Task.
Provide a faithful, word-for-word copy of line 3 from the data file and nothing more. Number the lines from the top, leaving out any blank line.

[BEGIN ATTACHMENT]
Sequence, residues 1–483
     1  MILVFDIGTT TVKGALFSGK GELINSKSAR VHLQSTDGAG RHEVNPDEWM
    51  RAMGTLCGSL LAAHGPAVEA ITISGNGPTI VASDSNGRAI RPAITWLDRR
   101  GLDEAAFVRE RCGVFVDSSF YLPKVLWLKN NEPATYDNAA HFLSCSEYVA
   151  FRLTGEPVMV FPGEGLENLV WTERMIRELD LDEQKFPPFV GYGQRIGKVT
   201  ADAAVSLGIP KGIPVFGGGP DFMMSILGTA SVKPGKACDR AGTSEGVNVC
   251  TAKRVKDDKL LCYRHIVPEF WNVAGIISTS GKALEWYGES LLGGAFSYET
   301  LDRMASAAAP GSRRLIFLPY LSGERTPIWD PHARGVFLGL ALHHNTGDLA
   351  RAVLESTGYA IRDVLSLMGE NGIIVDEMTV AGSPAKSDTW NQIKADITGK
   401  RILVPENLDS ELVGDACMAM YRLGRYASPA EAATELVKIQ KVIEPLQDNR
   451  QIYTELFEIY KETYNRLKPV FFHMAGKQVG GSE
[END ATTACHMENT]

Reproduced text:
    51  RAMGTLCGSL LAAHGPAVEA ITISGNGPTI VASDSNGRAI RPAITWLDRR